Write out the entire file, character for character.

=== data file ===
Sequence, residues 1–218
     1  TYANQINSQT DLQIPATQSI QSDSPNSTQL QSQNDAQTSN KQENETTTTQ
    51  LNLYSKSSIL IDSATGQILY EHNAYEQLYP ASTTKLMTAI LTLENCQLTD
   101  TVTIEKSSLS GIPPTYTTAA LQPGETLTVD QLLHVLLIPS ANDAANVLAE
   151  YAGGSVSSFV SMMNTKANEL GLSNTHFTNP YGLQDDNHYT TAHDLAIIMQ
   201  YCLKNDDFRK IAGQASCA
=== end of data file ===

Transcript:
Sequence, residues 1–218
     1  TYANQINSQT DLQIPATQSI QSDSPNSTQL QSQNDAQTSN KQENETTTTQ
    51  LNLYSKSSIL IDSATGQILY EHNAYEQLYP ASTTKLMTAI LTLENCQLTD
   101  TVTIEKSSLS GIPPTYTTAA LQPGETLTVD QLLHVLLIPS ANDAANVLAE
   151  YAGGSVSSFV SMMNTKANEL GLSNTHFTNP YGLQDDNHYT TAHDLAIIMQ
   201  YCLKNDDFRK IAGQASCA